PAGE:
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Electronic claiming for Medicare benefits was first introduced in 1992. Channels to facilitate electronic claiming were progressively introduced for use by medical practitioners, members of the public and private health insurers over the intervening decades. In 2016–17, claims for just over 97 per cent of the approximately $22 billion of Medicare benefits paid were lodged electronically.

The Department of Human Services (Human Services or the department) currently administers eight electronic claiming channels: six provider channels for point of service claiming1 and two channels for claiming by patients at their convenience. In addition Human Services provides a number of manual claiming options (in-person, dropbox, post and phone). Most of the electronic claiming channels were introduced ten or more years ago—prior to Medicare’s integration into the Department of Human Services in July 2011.2 The provider channels are:

Simple Mail Transfer Protocol (1999);

Medicare Online (2002);

Electronic Claim Lodgement and Information Processing Service Environment (2004);

Easyclaim (2007);

Bulk Bill Webclaim (2015); and

Patient Claim Webclaim (2016);

The additional channels for use by patients are Claiming Medicare Benefits Online (2011) and Express Plus Medicare Mobile App (2013).

The department’s administration of claiming channels is focussed on its overarching strategy of achieving as close as possible to 100 per cent electronic claiming.

On 19 October 2016, the Government announced it will replace the current systems used by Human Services to deliver health, aged care and related veterans’ payments as they are ‘old, complex and at risk of failure and therefore need to be upgraded’.3 The program of work is being led by the Department of Health and supported by the Departments of Human Services and Veterans’ Affairs, and the Digital Transformation Agency. This decision provides Human Services a further opportunity to consider what if any changes could be made to the current channel service offer.

Audit objective and criteria

The objective of this audit was to assess the effectiveness of Medicare electronic claiming arrangements, including an assessment of the extent to which claiming and processing efficiencies for the Government, health professionals and Medicare customers have been achieved.

To form a conclusion against the audit objective, the ANAO adopted the following high level criteria:

Was effective planning undertaken for the implementation and ongoing delivery of Medicare electronic claiming channels?

Has the implementation and ongoing delivery of Medicare electronic claiming channels been effective?

Does Human Services monitor and evaluate the efficiency and effectiveness with which it delivers Medicare electronic claiming?

Audit methodology

The audit’s methodology included:

examination of documentation relating to the administration of Medicare electronic claiming channels, including program documentation and performance reports;

review and analysis of departmental data related to the performance (take-up, costs/savings and timeliness) of the range of electronic channels currently available;

ANAO analysis of quantitative data from Human Services ICT systems; and

interviews with relevant departmental staff.


The Department of Human Services has been effective in driving the take-up of Medicare electronic claiming, with more than 97 per cent of all claims for Medicare services being lodged electronically. The department’s approach to implementing future Medicare electronic claiming could be improved by clear analysis of the costs of developing and maintaining individual claiming channels and the extent to which planned efficiencies have been realised.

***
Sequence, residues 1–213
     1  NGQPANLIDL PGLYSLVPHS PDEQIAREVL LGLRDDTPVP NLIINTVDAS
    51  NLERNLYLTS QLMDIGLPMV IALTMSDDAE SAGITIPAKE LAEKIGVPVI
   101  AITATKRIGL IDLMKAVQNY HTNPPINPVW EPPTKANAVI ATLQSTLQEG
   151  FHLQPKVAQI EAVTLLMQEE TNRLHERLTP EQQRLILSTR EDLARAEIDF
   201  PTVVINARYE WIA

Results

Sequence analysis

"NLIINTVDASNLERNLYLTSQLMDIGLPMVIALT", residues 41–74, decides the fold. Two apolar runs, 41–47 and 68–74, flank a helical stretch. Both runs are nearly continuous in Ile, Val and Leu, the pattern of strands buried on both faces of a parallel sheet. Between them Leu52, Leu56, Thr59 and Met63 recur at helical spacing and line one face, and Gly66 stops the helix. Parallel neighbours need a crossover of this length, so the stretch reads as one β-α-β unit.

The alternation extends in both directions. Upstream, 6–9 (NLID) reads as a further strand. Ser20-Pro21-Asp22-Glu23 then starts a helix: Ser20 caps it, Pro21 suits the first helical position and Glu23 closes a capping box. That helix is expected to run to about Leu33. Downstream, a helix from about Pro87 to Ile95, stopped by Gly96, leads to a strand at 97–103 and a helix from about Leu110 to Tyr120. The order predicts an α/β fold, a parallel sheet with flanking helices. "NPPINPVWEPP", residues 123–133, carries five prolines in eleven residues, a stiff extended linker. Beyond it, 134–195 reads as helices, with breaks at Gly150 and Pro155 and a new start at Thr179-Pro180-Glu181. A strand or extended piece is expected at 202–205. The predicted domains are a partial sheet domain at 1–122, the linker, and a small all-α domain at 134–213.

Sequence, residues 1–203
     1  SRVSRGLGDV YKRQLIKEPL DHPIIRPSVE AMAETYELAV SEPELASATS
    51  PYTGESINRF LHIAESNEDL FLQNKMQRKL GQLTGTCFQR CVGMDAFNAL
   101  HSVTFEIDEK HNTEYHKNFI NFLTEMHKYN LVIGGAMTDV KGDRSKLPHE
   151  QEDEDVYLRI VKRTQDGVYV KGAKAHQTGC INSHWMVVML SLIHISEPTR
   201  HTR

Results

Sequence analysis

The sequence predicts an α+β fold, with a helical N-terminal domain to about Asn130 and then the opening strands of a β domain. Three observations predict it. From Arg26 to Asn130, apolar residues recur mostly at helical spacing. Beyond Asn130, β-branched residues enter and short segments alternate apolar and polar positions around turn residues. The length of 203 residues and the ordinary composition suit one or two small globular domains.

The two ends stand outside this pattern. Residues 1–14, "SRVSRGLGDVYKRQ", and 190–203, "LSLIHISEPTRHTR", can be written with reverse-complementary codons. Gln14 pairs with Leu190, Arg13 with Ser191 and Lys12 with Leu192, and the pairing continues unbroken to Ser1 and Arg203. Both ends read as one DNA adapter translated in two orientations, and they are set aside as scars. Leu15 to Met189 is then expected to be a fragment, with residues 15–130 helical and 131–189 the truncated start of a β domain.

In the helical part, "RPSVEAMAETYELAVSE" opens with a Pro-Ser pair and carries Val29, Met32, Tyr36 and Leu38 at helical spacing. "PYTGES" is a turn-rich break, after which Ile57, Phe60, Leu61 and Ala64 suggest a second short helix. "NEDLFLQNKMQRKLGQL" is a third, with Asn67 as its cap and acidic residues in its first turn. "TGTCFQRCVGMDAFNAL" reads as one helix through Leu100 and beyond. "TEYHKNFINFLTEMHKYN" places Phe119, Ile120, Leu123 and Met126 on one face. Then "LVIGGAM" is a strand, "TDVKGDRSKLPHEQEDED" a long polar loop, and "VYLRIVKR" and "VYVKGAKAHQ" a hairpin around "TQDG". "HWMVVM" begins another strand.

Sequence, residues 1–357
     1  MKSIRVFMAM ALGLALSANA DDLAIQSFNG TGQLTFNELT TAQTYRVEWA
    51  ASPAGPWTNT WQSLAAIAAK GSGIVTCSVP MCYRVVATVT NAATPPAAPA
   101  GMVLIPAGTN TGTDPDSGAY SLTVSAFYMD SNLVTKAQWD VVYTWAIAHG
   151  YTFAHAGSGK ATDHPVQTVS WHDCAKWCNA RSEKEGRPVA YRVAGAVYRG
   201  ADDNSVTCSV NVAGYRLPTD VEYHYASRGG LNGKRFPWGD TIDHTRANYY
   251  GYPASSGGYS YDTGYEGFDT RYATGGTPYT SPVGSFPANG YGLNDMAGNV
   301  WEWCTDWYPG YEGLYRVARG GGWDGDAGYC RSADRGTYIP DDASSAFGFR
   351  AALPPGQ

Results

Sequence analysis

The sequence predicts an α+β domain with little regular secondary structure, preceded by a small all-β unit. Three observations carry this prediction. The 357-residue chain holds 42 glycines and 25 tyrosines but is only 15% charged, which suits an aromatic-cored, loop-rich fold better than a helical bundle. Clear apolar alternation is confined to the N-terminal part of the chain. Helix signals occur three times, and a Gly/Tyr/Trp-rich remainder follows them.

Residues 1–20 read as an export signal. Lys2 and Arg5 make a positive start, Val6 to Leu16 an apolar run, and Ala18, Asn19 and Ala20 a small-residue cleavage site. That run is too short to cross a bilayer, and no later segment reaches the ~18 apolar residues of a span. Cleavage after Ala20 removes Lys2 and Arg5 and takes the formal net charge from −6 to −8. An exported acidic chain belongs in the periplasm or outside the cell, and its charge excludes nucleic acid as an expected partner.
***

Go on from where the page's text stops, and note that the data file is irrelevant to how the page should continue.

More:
The objectives of introducing electronic claiming (to improve convenience and timeliness and reduce costs to Government and the health care sector) have been met through the introduction of a range of individual channels over time to allow claiming by different users. Human Services has mechanisms in place to identify issues and consider whether channels can be improved to meet user needs.

The introduction of electronic claiming channels has led to improved access to payments for the community and providers. More than 97 per cent of claims for Medicare services are lodged electronically and a majority of these are paid within one day of lodgement.

The ANAO reviewed the available data related to expected savings and costs from implementing electronic claiming channels. These expected savings were only estimated by Human Services in some cases. Where estimates were made either take-up rates or dollar savings have not been achieved.

Although the department monitors rates of electronic lodgement and tracks movements between channels by claim type and reductions in manual services, the long term benefits and relative efficiencies from introducing individual channels are largely unknown.

Human Services’ monitoring and reporting includes business analytics used to inform channel delivery, and departmental management of risks and issues are supported by a range of plans. The department’s delivery of claiming channels is not supported by either: benchmarking of expected achievements; or a full understanding of the costs and benefits of individual claiming channels. There is a lack of information on whether the development of individual channels has delivered the intended administrative savings; and whether the savings achieved have outweighed the costs of introducing new channels. As such the department has not established a sufficiently strong information base to inform its business decisions.

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